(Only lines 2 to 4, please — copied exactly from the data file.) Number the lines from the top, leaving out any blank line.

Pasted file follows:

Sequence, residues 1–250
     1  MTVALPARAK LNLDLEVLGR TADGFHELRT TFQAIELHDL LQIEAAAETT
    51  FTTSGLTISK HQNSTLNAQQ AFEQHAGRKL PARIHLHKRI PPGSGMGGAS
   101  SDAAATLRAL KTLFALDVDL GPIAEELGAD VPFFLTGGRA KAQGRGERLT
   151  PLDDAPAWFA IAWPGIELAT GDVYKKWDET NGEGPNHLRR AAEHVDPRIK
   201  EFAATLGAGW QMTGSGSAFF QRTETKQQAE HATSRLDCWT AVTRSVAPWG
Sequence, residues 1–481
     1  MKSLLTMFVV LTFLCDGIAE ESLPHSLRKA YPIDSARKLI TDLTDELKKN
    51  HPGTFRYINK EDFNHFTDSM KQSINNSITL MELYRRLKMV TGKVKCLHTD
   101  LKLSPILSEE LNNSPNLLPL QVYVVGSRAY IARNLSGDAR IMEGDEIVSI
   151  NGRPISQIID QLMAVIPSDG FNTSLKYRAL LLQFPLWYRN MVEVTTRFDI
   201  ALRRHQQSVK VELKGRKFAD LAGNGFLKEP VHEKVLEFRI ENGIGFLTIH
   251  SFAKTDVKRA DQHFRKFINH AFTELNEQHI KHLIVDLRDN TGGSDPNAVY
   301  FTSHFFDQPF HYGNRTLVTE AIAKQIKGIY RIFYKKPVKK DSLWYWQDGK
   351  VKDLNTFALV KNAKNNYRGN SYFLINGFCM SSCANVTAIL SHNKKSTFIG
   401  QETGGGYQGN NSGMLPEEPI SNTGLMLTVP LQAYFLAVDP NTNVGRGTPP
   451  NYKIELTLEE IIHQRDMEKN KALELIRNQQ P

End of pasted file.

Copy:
     1  MTVALPARAK LNLDLEVLGR TADGFHELRT TFQAIELHDL LQIEAAAETT
    51  FTTSGLTISK HQNSTLNAQQ AFEQHAGRKL PARIHLHKRI PPGSGMGGAS
   101  SDAAATLRAL KTLFALDVDL GPIAEELGAD VPFFLTGGRA KAQGRGERLT